And I just had to stitch felt coasters for all the ladies joining me for a “Ink on Stone” Girls’ Night Out.


I cut and stitched.
And cut.
And stitched some more.
I prepared 19 coasters before I ran out of felt.
Fortunately,
I had enough coasters (and rocks!) for everyone.
Our evening of drawing on rocks was a lot fun.
Everyone went home smiling.

Did I really need to stitch all these coasters?
No.
But did this extra bit of detail make a difference?
I’m going to say yes.
I like the little added details that kick things up a notch.
I was really pleased to present something handmade to each of the evening’s participants.
And don’t you think the stitched coasters grouped together make a pretty picture?

Drawing on Rocks

Drawing on Rocks

I like drawing.
I like rocks.
So why not draw on rocks?
(Cheesy grin)

The whole rock thing started two years ago when we moved into our house.
I spent multiple seasons digging around and mucking out the backyard.
I pruned overgrown bushes.
Weeded everyday.
Planted lots.
And dug piles of rocks out of every flowerbed.
What the hec?
My best guess is the first homeowners used the rocks as ground cover.
But as the seasons passed and the house changed hands,
The rocks were slowly buried under weeds, dirt and yard debris.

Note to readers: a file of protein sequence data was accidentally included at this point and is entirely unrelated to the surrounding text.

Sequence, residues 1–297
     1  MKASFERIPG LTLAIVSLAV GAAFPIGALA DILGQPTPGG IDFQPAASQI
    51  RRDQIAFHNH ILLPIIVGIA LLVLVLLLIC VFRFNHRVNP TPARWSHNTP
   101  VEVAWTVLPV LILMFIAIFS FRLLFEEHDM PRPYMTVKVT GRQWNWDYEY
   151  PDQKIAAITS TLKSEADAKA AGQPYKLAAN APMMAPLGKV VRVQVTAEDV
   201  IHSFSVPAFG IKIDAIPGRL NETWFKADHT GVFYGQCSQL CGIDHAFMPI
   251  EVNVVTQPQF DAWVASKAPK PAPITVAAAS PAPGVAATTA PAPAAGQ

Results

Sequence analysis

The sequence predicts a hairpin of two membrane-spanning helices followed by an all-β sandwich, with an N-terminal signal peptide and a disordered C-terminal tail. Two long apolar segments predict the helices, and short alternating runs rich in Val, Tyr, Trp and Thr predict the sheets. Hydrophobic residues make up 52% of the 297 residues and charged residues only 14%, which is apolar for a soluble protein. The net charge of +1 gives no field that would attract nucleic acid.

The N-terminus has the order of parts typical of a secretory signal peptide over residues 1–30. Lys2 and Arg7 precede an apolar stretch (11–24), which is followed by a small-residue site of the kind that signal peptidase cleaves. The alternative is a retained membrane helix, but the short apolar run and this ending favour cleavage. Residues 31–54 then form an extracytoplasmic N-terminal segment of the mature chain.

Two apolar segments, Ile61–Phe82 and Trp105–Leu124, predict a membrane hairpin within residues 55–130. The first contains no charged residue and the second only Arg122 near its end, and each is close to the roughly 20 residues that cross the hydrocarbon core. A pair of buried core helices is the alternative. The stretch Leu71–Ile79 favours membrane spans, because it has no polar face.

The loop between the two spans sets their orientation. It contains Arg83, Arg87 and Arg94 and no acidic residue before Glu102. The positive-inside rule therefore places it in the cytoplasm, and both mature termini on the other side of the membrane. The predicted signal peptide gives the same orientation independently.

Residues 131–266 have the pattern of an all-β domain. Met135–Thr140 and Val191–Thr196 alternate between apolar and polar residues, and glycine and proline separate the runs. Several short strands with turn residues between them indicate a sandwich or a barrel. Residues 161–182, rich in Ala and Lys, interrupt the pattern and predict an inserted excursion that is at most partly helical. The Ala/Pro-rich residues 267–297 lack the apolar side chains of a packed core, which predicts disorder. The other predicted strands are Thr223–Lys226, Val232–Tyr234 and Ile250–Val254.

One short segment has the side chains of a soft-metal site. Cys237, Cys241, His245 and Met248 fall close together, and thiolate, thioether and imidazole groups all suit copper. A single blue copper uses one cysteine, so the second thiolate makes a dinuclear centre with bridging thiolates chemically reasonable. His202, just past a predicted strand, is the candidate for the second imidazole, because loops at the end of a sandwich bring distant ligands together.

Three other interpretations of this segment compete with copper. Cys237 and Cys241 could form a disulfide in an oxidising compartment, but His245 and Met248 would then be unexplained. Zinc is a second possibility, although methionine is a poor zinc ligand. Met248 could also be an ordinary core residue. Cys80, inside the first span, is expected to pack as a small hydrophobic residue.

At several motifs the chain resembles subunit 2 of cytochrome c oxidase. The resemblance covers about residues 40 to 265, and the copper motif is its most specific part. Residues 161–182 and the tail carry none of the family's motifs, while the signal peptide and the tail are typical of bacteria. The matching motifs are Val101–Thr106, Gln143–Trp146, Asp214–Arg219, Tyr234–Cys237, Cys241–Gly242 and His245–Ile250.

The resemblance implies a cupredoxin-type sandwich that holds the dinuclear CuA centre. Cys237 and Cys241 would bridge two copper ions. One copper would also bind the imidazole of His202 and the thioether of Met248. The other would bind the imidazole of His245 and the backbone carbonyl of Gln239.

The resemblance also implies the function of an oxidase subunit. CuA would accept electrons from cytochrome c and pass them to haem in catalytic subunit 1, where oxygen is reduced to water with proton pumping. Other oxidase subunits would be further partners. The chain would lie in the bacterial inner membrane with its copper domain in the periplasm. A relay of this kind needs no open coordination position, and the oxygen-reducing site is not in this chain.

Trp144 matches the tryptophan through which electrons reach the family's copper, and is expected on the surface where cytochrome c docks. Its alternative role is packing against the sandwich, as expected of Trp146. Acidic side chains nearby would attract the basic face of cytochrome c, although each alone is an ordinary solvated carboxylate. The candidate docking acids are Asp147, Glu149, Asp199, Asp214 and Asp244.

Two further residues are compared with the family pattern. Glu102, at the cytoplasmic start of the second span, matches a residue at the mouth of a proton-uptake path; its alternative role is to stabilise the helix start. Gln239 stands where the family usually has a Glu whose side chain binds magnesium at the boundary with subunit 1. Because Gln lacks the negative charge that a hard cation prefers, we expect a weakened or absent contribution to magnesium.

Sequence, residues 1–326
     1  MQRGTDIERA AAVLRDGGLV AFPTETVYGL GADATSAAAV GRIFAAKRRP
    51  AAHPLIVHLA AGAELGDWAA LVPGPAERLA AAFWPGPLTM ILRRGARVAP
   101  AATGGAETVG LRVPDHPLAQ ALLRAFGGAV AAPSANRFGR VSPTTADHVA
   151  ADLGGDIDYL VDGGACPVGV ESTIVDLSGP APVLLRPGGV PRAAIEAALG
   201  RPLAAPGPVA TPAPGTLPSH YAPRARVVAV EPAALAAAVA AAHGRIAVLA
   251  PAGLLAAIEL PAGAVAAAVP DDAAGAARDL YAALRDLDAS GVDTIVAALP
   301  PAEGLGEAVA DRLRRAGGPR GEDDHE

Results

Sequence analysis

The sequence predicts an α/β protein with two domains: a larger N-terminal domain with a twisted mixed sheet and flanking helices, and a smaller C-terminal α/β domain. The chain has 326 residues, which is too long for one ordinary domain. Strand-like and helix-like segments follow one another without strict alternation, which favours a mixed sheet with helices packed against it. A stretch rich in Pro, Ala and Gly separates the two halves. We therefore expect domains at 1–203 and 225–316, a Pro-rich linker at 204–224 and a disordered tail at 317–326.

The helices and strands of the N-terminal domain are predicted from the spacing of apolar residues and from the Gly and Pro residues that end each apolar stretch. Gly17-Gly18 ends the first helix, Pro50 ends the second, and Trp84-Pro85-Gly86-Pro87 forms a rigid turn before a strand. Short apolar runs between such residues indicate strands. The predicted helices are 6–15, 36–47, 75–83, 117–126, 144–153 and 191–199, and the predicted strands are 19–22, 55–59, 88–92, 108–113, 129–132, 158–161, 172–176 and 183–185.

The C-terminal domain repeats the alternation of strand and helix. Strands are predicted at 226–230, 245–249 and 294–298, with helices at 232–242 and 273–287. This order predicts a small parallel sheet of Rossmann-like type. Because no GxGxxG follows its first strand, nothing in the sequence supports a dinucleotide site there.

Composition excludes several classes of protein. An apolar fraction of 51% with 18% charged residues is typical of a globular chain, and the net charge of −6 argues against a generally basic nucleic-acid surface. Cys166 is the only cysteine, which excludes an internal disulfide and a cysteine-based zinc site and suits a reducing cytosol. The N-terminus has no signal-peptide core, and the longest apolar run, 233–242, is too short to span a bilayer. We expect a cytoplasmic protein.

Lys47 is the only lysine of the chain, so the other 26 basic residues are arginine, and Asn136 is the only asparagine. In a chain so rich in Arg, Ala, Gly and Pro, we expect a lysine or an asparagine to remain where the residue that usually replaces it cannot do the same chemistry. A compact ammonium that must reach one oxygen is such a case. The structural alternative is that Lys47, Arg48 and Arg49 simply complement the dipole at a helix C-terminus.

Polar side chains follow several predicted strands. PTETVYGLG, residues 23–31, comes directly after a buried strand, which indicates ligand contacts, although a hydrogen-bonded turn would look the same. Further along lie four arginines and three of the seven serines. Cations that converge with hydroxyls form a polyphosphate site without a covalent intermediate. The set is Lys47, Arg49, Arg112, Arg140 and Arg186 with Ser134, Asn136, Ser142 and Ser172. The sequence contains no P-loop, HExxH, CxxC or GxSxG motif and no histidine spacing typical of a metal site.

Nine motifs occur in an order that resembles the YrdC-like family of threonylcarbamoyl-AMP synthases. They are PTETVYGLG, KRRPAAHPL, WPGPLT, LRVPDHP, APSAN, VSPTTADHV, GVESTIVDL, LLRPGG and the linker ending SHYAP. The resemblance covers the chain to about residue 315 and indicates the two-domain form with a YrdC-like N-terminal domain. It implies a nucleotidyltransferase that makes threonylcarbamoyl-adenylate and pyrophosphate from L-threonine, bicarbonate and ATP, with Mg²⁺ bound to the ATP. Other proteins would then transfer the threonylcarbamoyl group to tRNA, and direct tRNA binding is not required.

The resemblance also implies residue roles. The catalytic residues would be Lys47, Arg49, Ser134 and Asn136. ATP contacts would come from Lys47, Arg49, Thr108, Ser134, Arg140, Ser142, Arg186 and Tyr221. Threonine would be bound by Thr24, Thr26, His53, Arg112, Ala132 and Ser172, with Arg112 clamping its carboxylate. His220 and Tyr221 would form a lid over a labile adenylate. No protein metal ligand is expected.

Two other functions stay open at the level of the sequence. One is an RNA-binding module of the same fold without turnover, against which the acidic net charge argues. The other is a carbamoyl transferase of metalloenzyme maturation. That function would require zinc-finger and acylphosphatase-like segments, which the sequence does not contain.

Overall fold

Until I came along and dug them all out again.

Most of the rocks are once again ground cover.
But I’ve also set aside a pile of them for arts and crafts purposes.


I’ve used some of the rocks as garden markers.
And a few of the little ones to make a tic tac toe set.
  Now I use the rocks as an alternative drawing canvas.

My preferred rocks to draw on are the big smooth roundish ones.
I give them a good scrub with my vegetable scrubber.
Then set them out to dry in the sun.

My favorite drawing tool is a 05 black Micron pen.
Initially, I just drew Mandalas.
More recently I’ve moved to drawing actual images.

I like the look of ink on “naked” rock.
But a light coat of shellac does protect the inked surface.


There is something relaxing and meditative about drawing on rocks.
Want to try it?
Here’s what  I’d suggest:
A selection of rocks.
One Micron pen.
A cup of coffee or glass of wine.
Perhaps some music playing in the background.
Cup the rock in your hand.
Study it from different angles.
Maybe take a sip of your drink.
Uncap that pen.
And just draw.

Tablet

Tablet

 

“Tablet” (Oil on 16×20 inch canvas, July 2017)

I am suddenly in the mood for the abstract.
What fun it is to just paint from my heart.
I’m not worrying about trying to capture an image.
Or learn a technique.
I’m just mixing and laying in colors as I like.

I started with a vague image of a tablet.
Not “tablet” as in iPad or anything electronic.
But “tablet” as in a piece of stone or wood or even clay.
With hieroglyphics or a tally etched into it.
With that thought in mind,
I created my “Tablet.”
Gold.
Reds.
Yellow.
Black and white.
Mixed and layered on the canvas with my favorite palette knife.
It’s funny how in the end,
I have one preferred palette knife and one favorite brush.
I wonder why I even bother to buy a range of sizes and shapes?
I still see “tablet” when I look at this painting.
My husband sees funky gold robot with three eyes and a squiggly mouth.
I wonder.
If we see an image at all, does this knock my painting out of the abstract category?
Does it matter?